## Définition tendancieuse

(I guess the title of this post would translate as something like “Biased definition” in English; according to the OED, “tendencious” does exist, but is ascribed as coming from the German “tendenziös”)

My son is currently reading an abridged version of Les Misérables for his French class. This is a text intended for schools and comes (among other things) with explanations of “hard words”. While glancing through it recently, I noticed the following striking instance:

Le hasard, c’est-à-dire la providence(1)

where the footnote translates, in lapidary style:

1. Providence = chance

(in English: Providence = luck). I may not know a lot about Victor Hugo, but it’s as clear as day to me that nothing could be further away from his use of the word “providence” than the idea that this is mere luck.

This reminded me of another definition I have seen in the French Larousse Universel encyclopedic dictionary from 1922 concerning the German language (see here in the middle of the page):

Langue: … une langue laborieuse… de là un certain manque de rapidité et de précision dans l’expression de la pensée.

(Or: … a clumsy language… from this comes a certain lack of speed and precision in the expression of one’s thoughts.)

This is actually a very nice book overall, with wonderfully useful illustrations to understand what, say, a “face-à-main” is, or to remind yourself of the important classification of “chapeaux bicornes”

(the scan I am linking to does not do justice to the book; one can download the PDFs of the two volumes, but each is a huge file of at least 250 MB, and the quality is also not so great — but the books become searchable).

## Condorcet, Dedekind, Minkowski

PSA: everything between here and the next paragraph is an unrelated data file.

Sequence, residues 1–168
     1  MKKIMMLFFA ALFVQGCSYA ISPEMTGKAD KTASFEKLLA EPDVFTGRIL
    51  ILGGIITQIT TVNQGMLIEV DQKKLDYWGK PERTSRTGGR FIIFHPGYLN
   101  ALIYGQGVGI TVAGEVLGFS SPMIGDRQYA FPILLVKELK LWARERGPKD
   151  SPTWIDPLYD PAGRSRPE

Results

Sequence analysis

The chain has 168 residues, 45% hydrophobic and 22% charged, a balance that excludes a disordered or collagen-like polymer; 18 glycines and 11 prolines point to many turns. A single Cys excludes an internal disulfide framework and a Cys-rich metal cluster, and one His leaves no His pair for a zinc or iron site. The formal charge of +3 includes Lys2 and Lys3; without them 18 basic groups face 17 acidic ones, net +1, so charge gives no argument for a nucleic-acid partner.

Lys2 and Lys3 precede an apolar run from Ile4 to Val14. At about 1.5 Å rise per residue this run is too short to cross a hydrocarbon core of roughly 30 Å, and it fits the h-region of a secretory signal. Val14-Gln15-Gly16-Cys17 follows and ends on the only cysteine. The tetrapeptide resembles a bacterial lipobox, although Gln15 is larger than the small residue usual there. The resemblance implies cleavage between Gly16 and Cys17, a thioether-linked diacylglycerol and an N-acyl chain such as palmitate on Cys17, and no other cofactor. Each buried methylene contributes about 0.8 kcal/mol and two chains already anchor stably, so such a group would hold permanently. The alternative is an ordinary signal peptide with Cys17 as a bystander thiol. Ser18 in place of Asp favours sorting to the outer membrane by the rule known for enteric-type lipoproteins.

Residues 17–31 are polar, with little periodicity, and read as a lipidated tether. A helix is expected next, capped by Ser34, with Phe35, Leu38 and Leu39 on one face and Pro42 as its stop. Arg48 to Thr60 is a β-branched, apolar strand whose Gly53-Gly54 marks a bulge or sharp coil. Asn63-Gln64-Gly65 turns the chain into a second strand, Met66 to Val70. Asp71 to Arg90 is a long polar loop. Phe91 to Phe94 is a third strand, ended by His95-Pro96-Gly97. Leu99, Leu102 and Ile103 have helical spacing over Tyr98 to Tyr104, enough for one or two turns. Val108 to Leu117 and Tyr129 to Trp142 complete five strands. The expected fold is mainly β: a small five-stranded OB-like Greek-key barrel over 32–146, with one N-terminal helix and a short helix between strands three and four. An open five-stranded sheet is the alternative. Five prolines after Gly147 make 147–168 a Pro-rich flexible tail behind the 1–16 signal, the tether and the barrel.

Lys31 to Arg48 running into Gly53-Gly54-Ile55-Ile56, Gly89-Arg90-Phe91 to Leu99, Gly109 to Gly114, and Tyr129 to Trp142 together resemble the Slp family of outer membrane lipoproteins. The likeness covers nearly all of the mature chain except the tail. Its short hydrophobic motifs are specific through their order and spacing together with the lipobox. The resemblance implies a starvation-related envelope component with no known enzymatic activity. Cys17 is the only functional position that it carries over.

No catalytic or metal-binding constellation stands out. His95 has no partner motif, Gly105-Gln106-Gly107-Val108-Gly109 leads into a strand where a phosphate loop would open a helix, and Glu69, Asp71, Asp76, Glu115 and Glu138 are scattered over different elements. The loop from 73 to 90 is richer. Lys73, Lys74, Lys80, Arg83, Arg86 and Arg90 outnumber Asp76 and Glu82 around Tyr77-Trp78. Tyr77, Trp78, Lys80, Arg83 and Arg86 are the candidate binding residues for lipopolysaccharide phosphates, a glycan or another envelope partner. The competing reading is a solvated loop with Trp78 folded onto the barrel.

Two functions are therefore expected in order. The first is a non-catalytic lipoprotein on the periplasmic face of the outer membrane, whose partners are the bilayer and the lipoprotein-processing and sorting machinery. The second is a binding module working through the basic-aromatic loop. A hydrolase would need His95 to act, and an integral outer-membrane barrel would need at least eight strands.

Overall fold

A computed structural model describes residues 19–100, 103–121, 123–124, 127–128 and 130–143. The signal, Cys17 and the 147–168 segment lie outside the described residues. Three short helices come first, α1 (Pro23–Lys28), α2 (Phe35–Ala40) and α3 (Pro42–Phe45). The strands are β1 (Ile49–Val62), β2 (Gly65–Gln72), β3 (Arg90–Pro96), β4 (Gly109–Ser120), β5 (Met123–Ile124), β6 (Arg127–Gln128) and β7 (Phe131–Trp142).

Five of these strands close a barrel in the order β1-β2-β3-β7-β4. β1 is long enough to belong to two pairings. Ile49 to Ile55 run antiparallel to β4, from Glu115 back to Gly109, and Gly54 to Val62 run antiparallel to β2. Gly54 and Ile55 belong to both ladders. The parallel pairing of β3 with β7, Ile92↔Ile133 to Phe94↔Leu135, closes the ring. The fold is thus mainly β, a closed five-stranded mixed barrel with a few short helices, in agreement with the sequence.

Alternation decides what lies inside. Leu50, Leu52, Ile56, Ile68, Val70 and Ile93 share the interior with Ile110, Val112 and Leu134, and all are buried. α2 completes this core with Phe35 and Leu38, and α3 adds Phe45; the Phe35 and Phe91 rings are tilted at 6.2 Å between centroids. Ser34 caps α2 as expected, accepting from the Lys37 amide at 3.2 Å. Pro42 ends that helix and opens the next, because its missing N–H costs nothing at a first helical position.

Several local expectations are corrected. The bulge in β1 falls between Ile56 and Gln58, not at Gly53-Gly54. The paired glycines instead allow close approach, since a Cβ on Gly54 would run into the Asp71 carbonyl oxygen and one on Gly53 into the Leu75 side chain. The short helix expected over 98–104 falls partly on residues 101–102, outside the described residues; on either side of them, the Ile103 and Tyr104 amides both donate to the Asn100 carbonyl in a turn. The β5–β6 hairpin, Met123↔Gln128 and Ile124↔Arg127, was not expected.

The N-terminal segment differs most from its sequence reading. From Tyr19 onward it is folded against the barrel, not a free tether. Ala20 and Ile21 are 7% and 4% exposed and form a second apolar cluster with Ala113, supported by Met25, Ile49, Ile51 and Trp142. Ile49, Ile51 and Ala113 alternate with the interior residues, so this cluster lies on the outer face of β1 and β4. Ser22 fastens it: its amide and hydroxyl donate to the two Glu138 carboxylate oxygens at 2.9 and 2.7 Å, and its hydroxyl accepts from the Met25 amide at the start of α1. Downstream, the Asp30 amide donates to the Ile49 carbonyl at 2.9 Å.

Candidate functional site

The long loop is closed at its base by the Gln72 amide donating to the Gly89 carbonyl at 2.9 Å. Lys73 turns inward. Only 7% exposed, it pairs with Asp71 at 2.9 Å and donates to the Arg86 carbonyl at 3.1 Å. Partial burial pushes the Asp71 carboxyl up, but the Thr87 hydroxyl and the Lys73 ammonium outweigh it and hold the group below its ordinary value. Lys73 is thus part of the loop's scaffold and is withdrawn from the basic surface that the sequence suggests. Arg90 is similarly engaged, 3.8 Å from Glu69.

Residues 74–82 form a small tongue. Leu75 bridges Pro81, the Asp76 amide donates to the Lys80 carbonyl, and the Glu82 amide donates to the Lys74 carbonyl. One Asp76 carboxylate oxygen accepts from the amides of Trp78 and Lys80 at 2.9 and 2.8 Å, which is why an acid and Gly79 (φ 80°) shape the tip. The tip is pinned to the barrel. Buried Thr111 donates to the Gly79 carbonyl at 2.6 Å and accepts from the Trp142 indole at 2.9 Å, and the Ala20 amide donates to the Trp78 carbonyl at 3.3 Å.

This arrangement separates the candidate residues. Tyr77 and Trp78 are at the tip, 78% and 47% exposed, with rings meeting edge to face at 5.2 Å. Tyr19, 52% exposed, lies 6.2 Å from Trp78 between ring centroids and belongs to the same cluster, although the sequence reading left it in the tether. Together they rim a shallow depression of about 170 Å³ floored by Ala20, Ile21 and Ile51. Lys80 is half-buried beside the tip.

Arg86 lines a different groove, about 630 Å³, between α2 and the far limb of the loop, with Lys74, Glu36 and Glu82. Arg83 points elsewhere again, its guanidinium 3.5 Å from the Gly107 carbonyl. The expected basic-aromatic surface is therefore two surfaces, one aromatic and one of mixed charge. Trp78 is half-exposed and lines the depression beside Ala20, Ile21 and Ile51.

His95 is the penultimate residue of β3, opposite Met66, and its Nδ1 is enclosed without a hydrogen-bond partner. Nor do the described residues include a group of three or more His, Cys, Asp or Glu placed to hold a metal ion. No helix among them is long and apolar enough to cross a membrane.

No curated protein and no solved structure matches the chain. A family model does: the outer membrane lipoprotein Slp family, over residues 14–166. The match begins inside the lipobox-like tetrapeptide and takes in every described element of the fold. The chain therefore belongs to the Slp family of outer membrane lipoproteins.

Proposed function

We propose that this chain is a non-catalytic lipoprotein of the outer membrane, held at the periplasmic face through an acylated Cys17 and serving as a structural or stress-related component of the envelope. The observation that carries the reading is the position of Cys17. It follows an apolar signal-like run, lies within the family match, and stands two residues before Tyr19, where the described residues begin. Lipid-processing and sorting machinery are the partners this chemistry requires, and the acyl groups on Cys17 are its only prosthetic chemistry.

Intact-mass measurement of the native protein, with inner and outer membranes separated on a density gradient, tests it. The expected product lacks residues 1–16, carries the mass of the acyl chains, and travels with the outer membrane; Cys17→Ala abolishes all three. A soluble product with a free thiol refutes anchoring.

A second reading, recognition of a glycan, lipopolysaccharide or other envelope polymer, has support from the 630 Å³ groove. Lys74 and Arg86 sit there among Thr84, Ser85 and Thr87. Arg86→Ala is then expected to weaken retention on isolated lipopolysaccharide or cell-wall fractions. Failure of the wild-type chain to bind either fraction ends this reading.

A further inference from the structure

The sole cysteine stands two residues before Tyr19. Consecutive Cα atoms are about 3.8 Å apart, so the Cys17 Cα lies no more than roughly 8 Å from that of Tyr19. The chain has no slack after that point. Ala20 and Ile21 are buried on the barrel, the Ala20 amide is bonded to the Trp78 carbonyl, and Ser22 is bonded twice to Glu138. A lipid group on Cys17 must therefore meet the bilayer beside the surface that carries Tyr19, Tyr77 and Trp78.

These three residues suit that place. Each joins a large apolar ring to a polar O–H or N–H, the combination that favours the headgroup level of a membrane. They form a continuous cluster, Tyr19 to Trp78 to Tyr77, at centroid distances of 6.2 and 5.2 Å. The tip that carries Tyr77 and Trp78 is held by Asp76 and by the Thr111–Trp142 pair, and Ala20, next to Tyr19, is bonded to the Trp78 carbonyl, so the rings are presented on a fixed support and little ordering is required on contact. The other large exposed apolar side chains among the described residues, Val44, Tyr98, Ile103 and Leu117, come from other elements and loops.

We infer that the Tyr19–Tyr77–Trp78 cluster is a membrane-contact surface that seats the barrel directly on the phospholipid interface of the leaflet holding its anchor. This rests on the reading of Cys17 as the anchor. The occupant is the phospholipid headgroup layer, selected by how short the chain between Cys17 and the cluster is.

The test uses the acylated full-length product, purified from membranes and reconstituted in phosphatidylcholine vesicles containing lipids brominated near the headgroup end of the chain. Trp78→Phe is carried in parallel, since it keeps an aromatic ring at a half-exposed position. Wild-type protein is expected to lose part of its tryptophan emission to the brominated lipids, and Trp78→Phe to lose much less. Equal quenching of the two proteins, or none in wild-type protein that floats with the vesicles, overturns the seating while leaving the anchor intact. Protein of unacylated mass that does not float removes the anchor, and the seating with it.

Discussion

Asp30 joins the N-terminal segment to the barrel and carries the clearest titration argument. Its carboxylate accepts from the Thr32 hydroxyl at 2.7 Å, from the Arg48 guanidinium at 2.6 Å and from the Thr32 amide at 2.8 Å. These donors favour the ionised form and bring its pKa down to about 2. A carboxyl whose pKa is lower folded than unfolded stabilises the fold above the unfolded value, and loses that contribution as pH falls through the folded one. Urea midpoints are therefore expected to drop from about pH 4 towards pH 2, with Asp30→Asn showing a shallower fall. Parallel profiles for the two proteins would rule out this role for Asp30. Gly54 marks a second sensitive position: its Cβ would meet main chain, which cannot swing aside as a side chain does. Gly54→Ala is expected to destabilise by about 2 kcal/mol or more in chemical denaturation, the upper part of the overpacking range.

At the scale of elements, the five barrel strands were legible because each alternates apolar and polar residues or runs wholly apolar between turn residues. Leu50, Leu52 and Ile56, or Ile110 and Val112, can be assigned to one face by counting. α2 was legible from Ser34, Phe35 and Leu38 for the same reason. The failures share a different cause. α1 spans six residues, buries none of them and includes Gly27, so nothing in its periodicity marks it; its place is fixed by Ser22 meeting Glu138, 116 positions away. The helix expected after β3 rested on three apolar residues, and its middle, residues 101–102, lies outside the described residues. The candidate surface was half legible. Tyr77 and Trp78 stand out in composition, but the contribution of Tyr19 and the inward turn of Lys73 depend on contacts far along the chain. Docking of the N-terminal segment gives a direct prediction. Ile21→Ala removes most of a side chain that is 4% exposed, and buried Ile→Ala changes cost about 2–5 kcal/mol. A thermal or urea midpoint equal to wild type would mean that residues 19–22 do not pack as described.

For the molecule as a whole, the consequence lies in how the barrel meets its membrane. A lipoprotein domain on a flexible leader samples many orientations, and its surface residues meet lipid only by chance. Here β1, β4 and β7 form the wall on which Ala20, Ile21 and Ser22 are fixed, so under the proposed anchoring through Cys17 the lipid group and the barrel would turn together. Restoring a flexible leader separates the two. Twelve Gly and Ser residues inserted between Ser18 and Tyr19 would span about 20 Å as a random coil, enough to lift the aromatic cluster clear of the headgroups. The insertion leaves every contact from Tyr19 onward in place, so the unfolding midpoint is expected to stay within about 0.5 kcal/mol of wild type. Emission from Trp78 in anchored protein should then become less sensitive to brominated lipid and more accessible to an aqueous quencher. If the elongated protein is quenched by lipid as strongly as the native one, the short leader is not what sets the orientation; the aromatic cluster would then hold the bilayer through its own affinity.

One of my great pleasures in life is to walk leisurely down from my office about 30 minutes before the train (to Paris, or Göttingen, or Basel, or what you will) starts, browse a few minutes in one of the second-hand bookstores on the way, and get on the train with some wonderfully surprising book, known or not.

A few months ago, I found “Condorcet journaliste, 1790-1794”,

which one cannot call a well-known book. It is the printed version of the 1929 thesis (at the École des Hautes Études Sociales) of Hélène Delsaux, and its main goal is to survey and discuss in detail all the journal articles that Condorcet, that particularly likable character of the French revolution (about the only one to be happily married, one of the very few in favor of a Republic from the outset, and — amid much ridicule — a supporter of vote for women), wrote during those years.

Condorcet was also known at the time as a mathematician; hence this remarkable quote from the book in question:

Il est généralement admis que rien ne dessèche le coeur comme l’étude approfondie des mathématiques…

or in a rough translation

It is a truth universally acknowledged that nothing shrivels the heart more than the deep study of mathematics… [Ed. Note: what about real estate?]

This book cost me seven Francs. More recently, my trip to the bookstore was crowned by the acquisition of a reprint of R. Dedekind’s Stetigkeit und irrationale Zahlen” and “Was sind und was sollen die Zahlen” (five Francs)

and of a first edition (Teubner Verlag, Leipzig, 1907) of Minkowski’s “Diophantische Approximationen”

for the princely sum of thirty-eight Francs.

The content of Minkowski’s book is not at all what the title might suggest. There are roughly two parts, one concerned with the geometry of numbers, and the second with algebraic number theory. In both cases, the emphasis is on dimensions 2 and (indeed, especially) 3, so cubic fields are at the forefront of the discussion in the second part. This leads to a much greater number of pictures (there are 82) than a typical textbook of algebraic number theory would have today. Here are two examples,

and here is Minkowski’s description of the Minkowski functional (or gauge) of a convex set:

## AMS Open Math Notes

When I was attending the conference in honor of Alex Lubotzky’s 60th birthday, Karen Vogtmann, who was also there, told me of the Open Math Notes repository, a new project of the AMS that she was involved with. This is meant to be a collection of (mostly) lecture notes, such as many mathematicians write for a course, but which are not published (nor necessarily meant to be published). So they can be incomplete, they might contain mistakes, and may more generally be subject to all the slings and arrows that mathematical writing is heir to. (See the web site for more information, submission guidelines, etc…)